Is it time to stop making MMOs for a hardcore male audience?

I’ve seen a couple of surveys on female gamers recently.

  1. The big Nielsen study, which is summarised here on RPS. This shows that female players are in a slight minority on the PC, although most of them play solo casual games like Free Cell. As it happens, the majority of male players also play solo casual games like Free Cell (so if someone invented a Free Cell dating site, it would probably be very successful!). It also shows that although more men than women play WoW, it’s not by as much as most people think. 39% women vs 61% men. So in a standard 5 person group, 2 on average will be female players.
  2. This is another survey looking at single men and women and their appliance buying habits. Yes, women buy cool and useful gadgets even when not being nagged by a partner, who’d have thought? You didn’t think that Motorola released all those gutchurningly pink mobiles because they liked the colour? But despite outnumbering the guys in their take up of digital cameras, and being within a few percent for MP3 player and DS/ PSP ownership, women do buy significantly fewer non-handheld consoles.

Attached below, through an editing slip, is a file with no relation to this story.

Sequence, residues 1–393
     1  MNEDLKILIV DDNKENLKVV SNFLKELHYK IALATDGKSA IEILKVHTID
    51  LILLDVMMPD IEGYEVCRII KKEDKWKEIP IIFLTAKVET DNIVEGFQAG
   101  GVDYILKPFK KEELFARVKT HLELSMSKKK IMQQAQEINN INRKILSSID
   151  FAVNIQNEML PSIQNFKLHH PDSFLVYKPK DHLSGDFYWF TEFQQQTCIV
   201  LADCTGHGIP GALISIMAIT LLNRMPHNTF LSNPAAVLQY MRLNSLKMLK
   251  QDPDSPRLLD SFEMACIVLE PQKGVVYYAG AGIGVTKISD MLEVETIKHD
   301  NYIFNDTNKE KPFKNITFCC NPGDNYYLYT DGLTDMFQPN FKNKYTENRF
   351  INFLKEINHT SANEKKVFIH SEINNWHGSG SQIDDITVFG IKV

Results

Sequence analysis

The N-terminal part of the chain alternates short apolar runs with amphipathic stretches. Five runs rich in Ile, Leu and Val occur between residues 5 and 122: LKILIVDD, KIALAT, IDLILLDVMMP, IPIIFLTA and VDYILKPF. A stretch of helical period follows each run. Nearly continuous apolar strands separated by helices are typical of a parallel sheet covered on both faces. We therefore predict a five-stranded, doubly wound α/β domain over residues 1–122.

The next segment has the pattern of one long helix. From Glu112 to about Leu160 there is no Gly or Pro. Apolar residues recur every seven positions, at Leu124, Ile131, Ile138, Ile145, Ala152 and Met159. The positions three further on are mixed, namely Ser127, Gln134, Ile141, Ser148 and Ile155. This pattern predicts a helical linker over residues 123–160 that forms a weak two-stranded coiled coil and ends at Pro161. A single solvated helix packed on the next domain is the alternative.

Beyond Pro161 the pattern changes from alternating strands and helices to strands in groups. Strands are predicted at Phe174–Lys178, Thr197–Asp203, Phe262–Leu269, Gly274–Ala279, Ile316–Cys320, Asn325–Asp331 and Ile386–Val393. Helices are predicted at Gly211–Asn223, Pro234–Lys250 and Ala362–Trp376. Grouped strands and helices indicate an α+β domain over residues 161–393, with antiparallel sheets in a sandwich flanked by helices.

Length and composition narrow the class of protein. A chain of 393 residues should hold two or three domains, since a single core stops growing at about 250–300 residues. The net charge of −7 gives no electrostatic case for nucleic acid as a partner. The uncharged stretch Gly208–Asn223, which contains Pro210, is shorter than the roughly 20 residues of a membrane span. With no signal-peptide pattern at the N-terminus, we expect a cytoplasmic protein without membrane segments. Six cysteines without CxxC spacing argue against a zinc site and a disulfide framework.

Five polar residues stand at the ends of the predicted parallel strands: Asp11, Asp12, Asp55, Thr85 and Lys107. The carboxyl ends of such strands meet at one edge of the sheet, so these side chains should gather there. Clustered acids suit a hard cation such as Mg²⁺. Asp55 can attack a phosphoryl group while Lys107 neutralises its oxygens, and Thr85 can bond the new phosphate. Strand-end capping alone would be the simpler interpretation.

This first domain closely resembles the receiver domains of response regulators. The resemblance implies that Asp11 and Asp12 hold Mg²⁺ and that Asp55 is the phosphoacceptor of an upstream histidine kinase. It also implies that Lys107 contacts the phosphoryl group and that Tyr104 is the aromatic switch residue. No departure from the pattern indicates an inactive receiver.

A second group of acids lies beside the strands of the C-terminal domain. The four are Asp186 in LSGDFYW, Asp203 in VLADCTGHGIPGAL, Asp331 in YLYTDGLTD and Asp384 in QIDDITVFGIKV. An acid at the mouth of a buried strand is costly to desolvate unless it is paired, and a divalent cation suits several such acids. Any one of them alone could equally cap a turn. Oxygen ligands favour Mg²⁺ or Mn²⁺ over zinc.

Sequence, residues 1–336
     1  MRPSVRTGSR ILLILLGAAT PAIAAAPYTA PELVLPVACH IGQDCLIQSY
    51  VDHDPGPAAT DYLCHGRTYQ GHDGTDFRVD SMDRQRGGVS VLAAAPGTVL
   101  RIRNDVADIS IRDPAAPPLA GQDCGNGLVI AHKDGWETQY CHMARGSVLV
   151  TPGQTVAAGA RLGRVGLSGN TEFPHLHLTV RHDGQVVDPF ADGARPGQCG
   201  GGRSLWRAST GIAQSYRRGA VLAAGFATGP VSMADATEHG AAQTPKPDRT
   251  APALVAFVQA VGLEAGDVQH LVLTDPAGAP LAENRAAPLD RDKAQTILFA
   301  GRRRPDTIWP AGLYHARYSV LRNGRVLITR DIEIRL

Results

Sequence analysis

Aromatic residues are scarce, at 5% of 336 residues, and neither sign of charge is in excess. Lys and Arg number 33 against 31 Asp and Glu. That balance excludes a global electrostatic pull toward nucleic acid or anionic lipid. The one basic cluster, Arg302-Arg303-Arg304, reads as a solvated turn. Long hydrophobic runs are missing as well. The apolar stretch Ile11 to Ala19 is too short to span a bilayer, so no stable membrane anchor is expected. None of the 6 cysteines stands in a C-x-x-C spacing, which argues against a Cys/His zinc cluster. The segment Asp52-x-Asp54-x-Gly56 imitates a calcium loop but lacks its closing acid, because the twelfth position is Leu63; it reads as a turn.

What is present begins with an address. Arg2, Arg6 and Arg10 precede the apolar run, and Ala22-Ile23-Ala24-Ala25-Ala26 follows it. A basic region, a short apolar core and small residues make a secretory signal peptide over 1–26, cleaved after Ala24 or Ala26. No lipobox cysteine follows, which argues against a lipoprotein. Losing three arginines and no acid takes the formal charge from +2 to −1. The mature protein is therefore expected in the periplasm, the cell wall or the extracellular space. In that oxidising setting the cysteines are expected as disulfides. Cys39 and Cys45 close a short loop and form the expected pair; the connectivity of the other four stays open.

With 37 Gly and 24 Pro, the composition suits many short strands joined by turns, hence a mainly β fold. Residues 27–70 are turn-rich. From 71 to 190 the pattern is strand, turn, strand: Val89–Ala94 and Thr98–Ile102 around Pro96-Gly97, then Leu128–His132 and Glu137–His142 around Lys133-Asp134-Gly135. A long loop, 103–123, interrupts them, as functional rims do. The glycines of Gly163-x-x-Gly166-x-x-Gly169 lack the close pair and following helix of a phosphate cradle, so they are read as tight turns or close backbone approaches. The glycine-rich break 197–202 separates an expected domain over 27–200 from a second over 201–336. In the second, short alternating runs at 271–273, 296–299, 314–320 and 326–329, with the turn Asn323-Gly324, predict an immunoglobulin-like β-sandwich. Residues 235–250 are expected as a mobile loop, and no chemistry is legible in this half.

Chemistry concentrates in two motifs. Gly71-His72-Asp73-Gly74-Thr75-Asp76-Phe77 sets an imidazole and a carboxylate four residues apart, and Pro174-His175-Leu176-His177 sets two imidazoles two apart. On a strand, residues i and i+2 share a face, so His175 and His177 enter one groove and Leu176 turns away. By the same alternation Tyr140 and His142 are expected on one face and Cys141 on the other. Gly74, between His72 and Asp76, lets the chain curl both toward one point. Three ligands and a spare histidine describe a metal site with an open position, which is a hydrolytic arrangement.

So, the big thing that comes out of this is yes, women do play computer games. In many cases, we even play (and presumably enjoy) the same sorts of games.

Hopefully people, and media in particularly, will stop acting like it’s actually unusual to encounter a female player. (To be honest, even when it was more unusual, I don’t remember ever finding anyone who wasn’t able to adjust after … ooo … 5s which is about as long as it takes to say, “Really? You’re a girl? Haha, never guessed.”)

The RPS article notes that women play far fewer shooters than men, a result which surprises approximately no one. And it’s for the same reason that hardcore raid guilds probably have fewer female members than the averages might suggest.

So, are women less hardcore?

When a marketer talks about selling to the hardcore, they don’t care about that time you played Tetris for 8 hours straight or were in a server first kill of Kil’Jaeden. The marketing definition of hardcore is all to do with how people consume products.